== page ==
America's Slumbering Attitude Toward Discrimination Needs Wakeup After Black Yale Student, Sleeping In Common Area, Is Questioned. Day 22 of 365

Upon reading the headline, "Black Yale student fell asleep in common area and white student called police", I knew I had to write immediately.



I recall numerous times when, as a student at the University of Illinois in the 1980s, I did the exact same thing Yale graduate student Lolade Siyonbola did. I fell asleep in a common area.

Throughout my 4 year college experience, I snoozed in countless common areas across the campus: university building lobbies; the Union; library study carrels; dormitory lobbies and common rooms... 


You're studying. You're tired. You fall asleep, and sometimes, it's in public.

As a white woman, no one questioned me when this happened.


Not once.

I specifically recall the afternoon I fell asleep while studying for finals in the atrium of the English Building. I was on a curved, comfy couch, one that beckoned me to curl up and rest my eyes ... just for a minute ... and before I knew it, a security guard was tapping my shoulder, telling me it was nighttime -- and time to leave.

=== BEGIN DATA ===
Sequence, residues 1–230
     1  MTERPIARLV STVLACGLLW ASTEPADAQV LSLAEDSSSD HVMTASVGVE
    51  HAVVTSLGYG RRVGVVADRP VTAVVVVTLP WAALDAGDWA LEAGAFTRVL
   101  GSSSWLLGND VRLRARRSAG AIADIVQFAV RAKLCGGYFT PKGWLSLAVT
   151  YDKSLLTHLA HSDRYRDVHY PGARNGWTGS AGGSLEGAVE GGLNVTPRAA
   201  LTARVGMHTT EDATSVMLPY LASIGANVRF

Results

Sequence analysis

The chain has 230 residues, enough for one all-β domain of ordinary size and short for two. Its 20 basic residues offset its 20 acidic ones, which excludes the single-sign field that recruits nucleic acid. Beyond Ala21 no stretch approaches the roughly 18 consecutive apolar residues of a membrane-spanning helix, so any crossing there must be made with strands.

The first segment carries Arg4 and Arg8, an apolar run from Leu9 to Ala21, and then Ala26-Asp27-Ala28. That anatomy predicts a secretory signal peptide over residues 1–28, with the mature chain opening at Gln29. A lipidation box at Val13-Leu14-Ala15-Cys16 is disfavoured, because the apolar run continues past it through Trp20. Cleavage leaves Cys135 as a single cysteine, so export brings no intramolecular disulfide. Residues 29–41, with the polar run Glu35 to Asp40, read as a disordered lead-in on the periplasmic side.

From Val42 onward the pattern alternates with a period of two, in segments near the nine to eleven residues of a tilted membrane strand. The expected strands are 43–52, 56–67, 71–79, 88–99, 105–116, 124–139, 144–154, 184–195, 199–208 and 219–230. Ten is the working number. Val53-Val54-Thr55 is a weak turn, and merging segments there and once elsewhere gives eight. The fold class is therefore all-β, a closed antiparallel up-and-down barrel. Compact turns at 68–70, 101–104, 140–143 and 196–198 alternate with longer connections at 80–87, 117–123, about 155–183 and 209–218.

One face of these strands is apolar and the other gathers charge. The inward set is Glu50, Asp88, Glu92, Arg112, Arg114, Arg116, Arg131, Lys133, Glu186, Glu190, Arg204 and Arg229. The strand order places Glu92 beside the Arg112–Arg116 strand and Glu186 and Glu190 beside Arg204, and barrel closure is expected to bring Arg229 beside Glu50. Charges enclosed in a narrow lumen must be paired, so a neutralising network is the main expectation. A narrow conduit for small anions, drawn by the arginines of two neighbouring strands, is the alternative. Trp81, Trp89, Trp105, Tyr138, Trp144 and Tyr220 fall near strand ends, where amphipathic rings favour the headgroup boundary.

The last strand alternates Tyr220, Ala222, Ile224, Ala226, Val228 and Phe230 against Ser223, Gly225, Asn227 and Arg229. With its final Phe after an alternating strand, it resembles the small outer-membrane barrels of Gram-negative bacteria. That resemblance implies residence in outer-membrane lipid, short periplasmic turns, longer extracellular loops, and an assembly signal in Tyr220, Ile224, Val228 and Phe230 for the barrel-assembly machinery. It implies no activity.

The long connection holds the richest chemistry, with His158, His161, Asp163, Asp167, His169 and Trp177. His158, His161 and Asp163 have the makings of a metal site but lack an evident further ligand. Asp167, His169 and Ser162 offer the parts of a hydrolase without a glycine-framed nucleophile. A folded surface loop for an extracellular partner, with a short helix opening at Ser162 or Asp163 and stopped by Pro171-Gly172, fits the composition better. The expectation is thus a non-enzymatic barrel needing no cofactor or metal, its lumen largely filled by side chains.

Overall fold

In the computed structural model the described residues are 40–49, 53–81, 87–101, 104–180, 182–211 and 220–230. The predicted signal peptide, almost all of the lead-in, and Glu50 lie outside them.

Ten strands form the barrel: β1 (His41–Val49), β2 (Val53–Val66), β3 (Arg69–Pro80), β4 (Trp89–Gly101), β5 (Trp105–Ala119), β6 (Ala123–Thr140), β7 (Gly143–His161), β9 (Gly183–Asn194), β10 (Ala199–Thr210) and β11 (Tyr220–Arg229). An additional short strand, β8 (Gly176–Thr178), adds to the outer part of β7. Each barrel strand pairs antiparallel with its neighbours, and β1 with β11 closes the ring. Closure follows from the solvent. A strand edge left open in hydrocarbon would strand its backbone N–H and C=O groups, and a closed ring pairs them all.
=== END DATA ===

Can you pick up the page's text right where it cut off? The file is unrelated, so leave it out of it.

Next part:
Atrium, English Building, University of Illinois

Atrium, English Building, University of Illinois Photo:

Waking up in a fog, my eyes scanned the sky through the atrium glass and found complete darkness. I felt so confused and embarrassed -- especially when I realized I'd been drooling.

That's the thing I remember most: The shame that I'd been sleeping so soundly I drooled.

To my relief, there'd been no one else around, and as I quickly shuffled papers into my bag, I kept looking at that little spot of drool I'd left on that couch.

I quickly left for my dorm without a single admonishment and with little more than a ding to my pride.

Ms. Siyonbola, on the other hand, woke from her own impromptu snooze to something entirely different. She woke to a nightmare I do not pretend to know.

What I do know is, it's time we wake up to what discrimination, micro aggression and racial bias looks like.

We can do so much better than this.

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Christine Wolf, Writer is on Facebook. You can also follow her writing on Twitter.

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    Christine Wolf

    I tend to cover life's ups and downs. I don't shy away from the tougher, more emotional stories. While I'm always willing to voice an opinion, it sometimes contradicts my innate desire to please everyone at all times. Such is this crazy life, I suppose. Ultimately, I search for meaning in the human experience, and openly share how I (try to) keep my head above water. Thanks so much for dropping by. I really appreciate hearing your thoughts.

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